- I feel that the fence diminishes a bit too much in the distance. The foreshortening between the posts looks right, but the height of each post would not shrink quite so much I don’t think. I would make sure they still have some height to them as they wrap over the hill. Also, I think you may be missing one post up close on the very left. Lastly, they are leaning to the right and lack texture just like the trees.
- When you take a photo of something against the sun, the subjects tend to get silhouetted. You’ve missed that effect in your painting.
- The far background feels very disconnected from the foreground. I can sort of tell that it’s two hills, but the shapes are very unclear, so it lacks any depth. It’s actually almost abstract looking and could very well be a painting on a giant wall just over the hill. It has no visible connection with the foreground, which does not help.
- The subject in this piece is unclear. The main focal point seems to be a road that leads to nowhere. Even if the technical aspects of the painting were executed perfectly, it would still not be as good as it could be, because there’s quite simply nothing interesting being captured in the scene. When you have an idea, it’s critical to think about how best to represent it. I would argue, whatever the idea was in this case, there are better ways to show it. Thumbnails may help with this.
The time-lapse video helped to see your process, so thanks for posting that. Here are some additional comments based on the video…
- You are applying texture far too soon, and without consideration for lighting, creating those arbitrary dark areas I was talking about. Get the lighting right first, then add the texture. Or even forget about textures for now, just make sure the shapes in the scene are lit properly and the light curves around their 3D forms as it should. Use reference where needed.
- One major flaw in your technique that I would recommend putting an end to immediately is using the soft brush to draw over top of textures and other details. It makes everything look foggy or muddy and thus very unclear. It’s a bad technique that produces a very unprofessional result. You then end up covering it up with more of the same, and by the time you’re done, all readability of shapes has gone out the window. I really can’t stress it enough, you should never do that.
Lastly, I would like to recommend a more common process for you to follow…
- Think about what super interesting focal point you want to show.
- Create quick thumbnails to figure out the best way to frame that focal point. Pick one that is interesting yet simple to paint.
- Start the painting with large blocks of solid color, making sure the major 3D forms are correctly lit by the light source and there is a sense of scale and distance by using less and less contrast and more and more muted colors as you get farther into the distance. Have at least three levels of contrast—one for foreground, one for stuff sorta far away, and another for far background.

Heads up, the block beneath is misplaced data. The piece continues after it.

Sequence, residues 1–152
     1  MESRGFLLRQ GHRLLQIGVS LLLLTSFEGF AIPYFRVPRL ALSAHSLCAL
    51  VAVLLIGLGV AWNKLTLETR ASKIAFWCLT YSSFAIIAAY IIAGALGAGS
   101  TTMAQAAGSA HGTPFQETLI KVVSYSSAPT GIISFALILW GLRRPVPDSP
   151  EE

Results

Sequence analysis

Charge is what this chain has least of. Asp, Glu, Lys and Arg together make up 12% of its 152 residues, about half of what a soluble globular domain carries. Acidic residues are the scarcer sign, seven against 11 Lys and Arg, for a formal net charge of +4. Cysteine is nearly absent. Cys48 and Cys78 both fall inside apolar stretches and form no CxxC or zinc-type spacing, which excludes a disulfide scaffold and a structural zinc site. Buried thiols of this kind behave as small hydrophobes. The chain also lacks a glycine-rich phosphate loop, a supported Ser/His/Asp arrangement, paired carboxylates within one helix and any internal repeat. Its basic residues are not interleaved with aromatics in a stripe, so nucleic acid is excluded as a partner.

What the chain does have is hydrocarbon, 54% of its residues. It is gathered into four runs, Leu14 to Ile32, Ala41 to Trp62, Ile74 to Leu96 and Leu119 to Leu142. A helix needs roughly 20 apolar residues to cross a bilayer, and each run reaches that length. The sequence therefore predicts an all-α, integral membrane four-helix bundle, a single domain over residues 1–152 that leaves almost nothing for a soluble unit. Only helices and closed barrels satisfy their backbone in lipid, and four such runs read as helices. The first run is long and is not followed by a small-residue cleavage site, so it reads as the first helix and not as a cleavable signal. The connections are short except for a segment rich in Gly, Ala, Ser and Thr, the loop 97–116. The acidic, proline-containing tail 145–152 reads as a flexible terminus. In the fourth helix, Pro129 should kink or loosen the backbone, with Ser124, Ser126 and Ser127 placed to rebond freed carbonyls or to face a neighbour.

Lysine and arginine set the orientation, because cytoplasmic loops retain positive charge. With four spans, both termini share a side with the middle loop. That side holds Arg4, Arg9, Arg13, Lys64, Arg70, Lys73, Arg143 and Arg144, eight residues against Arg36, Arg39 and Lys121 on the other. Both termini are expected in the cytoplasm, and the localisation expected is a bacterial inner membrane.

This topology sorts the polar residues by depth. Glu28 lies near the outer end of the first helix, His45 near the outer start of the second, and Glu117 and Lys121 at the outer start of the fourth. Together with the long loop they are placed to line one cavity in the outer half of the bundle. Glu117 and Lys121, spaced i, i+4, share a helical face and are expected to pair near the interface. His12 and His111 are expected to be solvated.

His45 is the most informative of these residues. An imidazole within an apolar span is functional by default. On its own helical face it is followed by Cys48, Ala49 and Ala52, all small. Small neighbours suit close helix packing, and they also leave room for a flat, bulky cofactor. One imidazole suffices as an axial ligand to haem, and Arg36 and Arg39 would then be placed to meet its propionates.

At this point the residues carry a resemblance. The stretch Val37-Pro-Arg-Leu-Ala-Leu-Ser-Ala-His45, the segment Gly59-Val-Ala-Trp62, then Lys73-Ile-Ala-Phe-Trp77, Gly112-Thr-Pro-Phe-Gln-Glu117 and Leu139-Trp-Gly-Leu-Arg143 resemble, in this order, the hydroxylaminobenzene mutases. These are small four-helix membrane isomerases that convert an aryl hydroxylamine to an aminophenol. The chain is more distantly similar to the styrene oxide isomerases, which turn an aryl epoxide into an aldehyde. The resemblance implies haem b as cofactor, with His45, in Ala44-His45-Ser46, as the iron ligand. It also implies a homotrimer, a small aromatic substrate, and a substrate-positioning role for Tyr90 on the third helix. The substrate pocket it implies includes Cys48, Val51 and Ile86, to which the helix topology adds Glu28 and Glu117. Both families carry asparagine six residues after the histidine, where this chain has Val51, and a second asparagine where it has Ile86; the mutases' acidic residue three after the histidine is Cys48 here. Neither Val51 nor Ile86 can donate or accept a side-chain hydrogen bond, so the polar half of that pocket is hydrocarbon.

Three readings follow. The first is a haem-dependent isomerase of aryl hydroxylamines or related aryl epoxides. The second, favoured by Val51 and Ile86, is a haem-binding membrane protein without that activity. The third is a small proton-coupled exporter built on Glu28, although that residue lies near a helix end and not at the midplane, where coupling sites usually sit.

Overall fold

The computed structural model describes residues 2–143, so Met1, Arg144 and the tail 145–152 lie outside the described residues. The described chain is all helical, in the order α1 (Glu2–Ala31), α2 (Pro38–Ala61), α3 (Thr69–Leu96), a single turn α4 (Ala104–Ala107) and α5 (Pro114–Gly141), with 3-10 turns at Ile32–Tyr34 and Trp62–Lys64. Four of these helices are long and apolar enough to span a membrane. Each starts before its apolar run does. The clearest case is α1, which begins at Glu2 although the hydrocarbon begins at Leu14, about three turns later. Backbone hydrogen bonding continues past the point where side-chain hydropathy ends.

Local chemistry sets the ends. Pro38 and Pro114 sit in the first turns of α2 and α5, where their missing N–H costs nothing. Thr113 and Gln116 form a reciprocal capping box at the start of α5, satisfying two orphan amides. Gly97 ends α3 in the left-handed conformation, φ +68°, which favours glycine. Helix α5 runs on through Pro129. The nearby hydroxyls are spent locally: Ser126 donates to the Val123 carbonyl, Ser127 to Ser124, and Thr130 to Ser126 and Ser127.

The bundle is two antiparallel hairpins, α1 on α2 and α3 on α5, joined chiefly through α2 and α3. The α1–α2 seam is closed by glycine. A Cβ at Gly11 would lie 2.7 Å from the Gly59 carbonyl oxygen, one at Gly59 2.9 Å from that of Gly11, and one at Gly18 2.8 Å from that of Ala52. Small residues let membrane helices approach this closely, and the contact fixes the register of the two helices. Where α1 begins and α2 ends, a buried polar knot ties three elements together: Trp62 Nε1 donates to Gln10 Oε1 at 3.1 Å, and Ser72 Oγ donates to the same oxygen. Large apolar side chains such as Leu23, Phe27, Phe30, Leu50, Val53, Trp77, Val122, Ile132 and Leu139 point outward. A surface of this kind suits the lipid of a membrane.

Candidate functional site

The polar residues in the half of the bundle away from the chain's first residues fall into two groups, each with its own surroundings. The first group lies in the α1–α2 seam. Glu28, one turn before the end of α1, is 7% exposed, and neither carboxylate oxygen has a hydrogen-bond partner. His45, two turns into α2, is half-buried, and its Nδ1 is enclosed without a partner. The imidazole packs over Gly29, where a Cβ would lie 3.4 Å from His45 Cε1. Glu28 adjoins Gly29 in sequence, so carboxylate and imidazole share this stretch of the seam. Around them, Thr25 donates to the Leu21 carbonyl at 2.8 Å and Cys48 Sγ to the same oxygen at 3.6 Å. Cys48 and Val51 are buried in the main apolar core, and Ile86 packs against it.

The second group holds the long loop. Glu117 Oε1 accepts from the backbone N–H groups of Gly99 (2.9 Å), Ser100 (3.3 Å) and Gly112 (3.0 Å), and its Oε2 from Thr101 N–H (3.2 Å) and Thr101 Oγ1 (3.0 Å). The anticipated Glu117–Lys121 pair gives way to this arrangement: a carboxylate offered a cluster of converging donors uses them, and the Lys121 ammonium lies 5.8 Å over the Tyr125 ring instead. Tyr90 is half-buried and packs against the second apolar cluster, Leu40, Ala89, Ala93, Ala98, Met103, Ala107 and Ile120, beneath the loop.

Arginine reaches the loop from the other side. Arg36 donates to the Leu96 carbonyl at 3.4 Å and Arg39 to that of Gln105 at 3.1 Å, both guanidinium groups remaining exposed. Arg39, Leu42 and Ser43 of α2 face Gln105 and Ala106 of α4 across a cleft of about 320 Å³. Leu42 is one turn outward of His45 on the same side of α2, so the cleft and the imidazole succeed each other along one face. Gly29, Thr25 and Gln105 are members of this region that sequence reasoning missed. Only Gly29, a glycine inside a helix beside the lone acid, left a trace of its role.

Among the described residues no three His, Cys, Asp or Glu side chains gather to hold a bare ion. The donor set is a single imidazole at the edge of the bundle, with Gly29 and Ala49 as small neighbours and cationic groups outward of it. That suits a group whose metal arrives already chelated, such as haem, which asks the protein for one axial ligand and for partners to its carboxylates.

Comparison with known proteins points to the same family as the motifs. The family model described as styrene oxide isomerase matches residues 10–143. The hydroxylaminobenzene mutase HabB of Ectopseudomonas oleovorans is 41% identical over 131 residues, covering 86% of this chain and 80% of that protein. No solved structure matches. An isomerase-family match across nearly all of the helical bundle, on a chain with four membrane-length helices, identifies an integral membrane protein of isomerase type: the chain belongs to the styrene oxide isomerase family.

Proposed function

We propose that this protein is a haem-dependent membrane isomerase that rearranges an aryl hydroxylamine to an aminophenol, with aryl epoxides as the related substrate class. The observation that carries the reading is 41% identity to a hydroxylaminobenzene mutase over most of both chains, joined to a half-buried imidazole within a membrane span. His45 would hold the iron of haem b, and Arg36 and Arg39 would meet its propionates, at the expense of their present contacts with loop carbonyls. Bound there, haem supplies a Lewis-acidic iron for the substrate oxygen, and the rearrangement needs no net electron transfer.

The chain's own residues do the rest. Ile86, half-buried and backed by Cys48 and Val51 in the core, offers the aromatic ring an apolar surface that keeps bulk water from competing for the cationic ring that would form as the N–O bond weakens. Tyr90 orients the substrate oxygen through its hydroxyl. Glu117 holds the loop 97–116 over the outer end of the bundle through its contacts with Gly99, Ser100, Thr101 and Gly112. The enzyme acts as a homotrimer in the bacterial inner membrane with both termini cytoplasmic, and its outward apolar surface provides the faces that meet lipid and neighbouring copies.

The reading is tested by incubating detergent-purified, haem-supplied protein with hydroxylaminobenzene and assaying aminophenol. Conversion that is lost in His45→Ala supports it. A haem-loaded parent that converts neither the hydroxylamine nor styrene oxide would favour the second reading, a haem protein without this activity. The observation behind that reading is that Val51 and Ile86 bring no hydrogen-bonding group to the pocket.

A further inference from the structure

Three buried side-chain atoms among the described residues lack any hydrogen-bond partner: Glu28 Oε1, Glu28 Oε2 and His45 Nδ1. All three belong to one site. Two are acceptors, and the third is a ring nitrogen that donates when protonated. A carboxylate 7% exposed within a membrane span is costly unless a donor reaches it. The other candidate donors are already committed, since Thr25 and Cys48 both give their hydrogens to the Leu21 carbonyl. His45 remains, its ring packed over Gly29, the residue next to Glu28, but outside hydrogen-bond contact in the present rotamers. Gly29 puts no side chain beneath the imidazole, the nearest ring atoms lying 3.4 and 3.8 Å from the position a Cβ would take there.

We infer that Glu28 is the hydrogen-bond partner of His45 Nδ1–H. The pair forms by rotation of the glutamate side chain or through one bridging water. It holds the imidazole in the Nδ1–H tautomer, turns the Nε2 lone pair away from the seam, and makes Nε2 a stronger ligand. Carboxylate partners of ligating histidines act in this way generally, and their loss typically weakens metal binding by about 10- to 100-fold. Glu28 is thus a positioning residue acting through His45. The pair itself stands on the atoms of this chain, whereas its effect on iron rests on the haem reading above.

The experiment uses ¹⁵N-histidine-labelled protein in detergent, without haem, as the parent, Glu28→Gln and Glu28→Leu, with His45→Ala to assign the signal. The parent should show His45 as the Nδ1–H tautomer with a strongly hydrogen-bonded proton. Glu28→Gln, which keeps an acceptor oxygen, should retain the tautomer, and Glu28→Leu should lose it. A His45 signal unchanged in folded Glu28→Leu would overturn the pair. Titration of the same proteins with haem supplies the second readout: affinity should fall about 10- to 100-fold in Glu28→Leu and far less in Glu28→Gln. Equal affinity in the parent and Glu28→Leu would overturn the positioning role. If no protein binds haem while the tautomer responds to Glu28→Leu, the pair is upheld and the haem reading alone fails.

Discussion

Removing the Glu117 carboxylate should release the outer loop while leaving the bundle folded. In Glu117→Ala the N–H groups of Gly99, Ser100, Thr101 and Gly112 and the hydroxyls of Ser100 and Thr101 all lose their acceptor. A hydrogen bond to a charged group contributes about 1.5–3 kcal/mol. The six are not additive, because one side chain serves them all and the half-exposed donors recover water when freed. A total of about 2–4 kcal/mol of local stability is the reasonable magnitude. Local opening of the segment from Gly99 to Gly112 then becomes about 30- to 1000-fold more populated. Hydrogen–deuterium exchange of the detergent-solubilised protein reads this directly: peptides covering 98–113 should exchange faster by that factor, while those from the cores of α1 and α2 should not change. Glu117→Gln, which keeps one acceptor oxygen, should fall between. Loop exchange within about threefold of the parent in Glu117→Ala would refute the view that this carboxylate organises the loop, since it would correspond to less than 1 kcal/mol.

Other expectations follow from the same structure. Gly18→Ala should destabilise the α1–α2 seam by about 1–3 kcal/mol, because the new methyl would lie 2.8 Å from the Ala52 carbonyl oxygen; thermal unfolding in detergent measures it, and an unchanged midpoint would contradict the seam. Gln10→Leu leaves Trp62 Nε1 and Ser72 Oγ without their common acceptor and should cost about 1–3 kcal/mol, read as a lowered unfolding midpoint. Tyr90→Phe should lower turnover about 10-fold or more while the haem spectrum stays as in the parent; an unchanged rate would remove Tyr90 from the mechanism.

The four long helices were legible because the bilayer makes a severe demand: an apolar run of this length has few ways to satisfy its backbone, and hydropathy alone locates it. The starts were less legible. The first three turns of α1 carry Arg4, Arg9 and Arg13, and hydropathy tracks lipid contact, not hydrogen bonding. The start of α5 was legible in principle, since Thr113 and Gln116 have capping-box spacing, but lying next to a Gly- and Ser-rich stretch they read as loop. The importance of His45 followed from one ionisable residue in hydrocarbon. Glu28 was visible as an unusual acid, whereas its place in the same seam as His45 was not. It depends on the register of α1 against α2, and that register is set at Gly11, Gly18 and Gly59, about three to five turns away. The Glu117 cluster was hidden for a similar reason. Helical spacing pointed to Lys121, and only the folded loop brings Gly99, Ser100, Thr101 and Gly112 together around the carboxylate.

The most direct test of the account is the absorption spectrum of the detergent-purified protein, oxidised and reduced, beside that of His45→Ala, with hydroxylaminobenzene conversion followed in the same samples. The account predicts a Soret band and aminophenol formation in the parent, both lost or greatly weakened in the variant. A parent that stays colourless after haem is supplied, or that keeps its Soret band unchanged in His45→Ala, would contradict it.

- Apply layers of rough details across the piece by hand, not through textures, using still fairly bulky brushes. Ensure that the background “stays far” by adding fewer details and sticking to lower contrast and saturation as mentioned previously. You can also sparingly use a soft, very large, sky colored brush at about 5% opacity to push things just that little bit farther into the background if needed, masking off foreground areas with the selection tool.
- Continue applying additional layers of detail, adding it mostly to things that are closer and/or part of the focal point of the painting.
- (Optional) Once you reach a point where drawing certain textural details by hand would get too tedious, consider very carefully how you might apply and blend photo textures into the piece (hint: not with a large soft high opacity round brush).
Apply this process carefully, and I will be damned if your painting does not look at least a bit better
Good luck to you!
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July 17th, 2014 #9
Thank you for the very in depth critique. I can tell you definitely took your time. It amazes me how many things can be glossed over on one's own work because you're staring at it all day. There's some things you said that I kind of knew (shame on me), but there's a lot I haven't thought of either. I definitely know what you're saying about the round soft brushes. In the video I ended up erasing the originals because I knew it was blurring out detail. I did it again, thinking it was better, but in fact is simply a big "nono" haha. I'll definitely keep a lot of your tips in mind when attempting my next landscape painting.
- Frida Bergholtz,